“However, when you add Bertin’s portfolio to JBS’, then you are looking at competing in other market segments, like dairy, where poultry companies like Brasil Foods (Perdigao) are also very active. This seems to forecast a future guerrilla war in different segments with different competitors,” Nunes says.
Regarding the possibility of JBS getting into the poultry sector in Brazil, Nunes observes, “JBS is a very low-profile company. Investing in the chicken business in Brazil is a real possibility, but we’ll only know of the deal at the very last moment.
“Among the top local poultry companies only Doux Frangosul has some attractiveness, holding about 6% to 7% of Brazil’s annual slaughter. However, Doux made it clear recently that it is not for sale.”
As to the reaction from Brazilian consumers, Nunes says, “I don’t think Brazilian consumers are aware of what happened in terms of business magnitude, or the impact on the market. Beef in Brazil still is massively sold in butcher shops or meat counters in supermarkets and mostly tray-packed and unbranded. They may well come from these big guys, but it is unknown to the regular consumers.
“However, the supermarket sector is very much aware of the impact of these mergers in the long run. The increased concentration of these businesses on all fronts – chicken, pork, beef, dairy, further processed products - will narrow their portfolio of high- and mid-end suppliers in Brazil that may well reduce their negotiation power,” he says.

Friday, September 18, 2009

FAO study offers Cambodia ways to prevent avian flu

A study from the Food and Agriculture Organization of the United Nations (FAO) suggests Cambodia better control and regulate imported poultry and increase market hygiene to best prevent the spread of avian flu, according to reports.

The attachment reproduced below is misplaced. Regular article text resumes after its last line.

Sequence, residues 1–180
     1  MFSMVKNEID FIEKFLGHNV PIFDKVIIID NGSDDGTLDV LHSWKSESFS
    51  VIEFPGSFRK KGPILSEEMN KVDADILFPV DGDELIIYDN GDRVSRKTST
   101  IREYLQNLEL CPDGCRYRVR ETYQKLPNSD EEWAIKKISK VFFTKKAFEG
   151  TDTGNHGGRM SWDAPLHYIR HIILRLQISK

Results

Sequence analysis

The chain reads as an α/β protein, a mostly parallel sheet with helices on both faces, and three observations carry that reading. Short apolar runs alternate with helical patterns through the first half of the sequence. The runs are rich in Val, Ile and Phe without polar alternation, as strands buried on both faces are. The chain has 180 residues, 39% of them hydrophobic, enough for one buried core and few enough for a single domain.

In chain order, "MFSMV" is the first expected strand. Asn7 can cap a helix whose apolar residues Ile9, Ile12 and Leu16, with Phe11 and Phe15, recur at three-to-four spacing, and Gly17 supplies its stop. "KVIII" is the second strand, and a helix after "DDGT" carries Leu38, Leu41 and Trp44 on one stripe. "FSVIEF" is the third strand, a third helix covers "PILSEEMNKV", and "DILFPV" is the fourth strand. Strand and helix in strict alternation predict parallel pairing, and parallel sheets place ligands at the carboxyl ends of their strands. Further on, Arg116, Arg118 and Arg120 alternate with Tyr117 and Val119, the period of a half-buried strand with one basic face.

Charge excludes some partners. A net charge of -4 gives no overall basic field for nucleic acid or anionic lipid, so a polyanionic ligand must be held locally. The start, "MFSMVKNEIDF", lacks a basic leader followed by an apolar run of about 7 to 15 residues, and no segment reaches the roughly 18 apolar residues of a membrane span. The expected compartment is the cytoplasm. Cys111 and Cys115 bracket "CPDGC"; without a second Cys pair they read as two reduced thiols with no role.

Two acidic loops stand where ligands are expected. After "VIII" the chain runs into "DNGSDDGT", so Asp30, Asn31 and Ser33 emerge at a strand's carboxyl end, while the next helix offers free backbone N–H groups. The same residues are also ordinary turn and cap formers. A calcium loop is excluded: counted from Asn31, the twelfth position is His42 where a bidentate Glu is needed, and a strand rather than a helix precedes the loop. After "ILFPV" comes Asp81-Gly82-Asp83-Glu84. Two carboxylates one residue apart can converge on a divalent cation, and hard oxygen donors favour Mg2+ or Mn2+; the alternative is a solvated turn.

Import border control, transport and marketing regulation and a veterinary law would help in attaining these higher standards, the report stated.
Multiple studies were done by local FAO partners during the past two years to research the spread of avian flu and potential ramifications for producers.

New program preps young agriculture advocates

The Animal Agriculture Alliance is poised to launch College Aggies Online, a program aimed at helping college students become confident advocates for the agriculture industry.
"College students who participate in the program will do more than just build their resume – they will help ensure the future of America's agriculture industry by sharing accurate information about modern farming and ranching," said Kay Johnson Smith, alliance executive vice president.
College Aggies Online, a joint venture of the alliance and
American National CattleWomen Inc., will connect college students from across the country who are interested in promoting agriculture by sharing their story. Participants will receive training and instructions from industry professionals and access to a private forum.
The program officially launches Oct. 15, 2009, and the first year's competition will conclude in April 2010. Student groups will earn points by posting blogs, photos and videos to the forum and by participating in online outreach activities. After final point counts are tallied, the winning club will receive a $750 scholarship, national recognition and a trip for one representative to Washington, D.C., for the annual Stakeholders Summit.
Fore more information, e-mail
Krissa Thom.

JBS will impact US poultry industry

“Reports this week about the purchase of Pilgrim’s Pride Corp. by the Brazilian beef and pork conglomerate JBS will have an impact on the U.S. poultry industry. If the sale is approved by the U.S. government, it appears to be a great opportunity for both companies,” said Jim Sumner, President USAPEEC, the USA Poultry and Egg Export Council.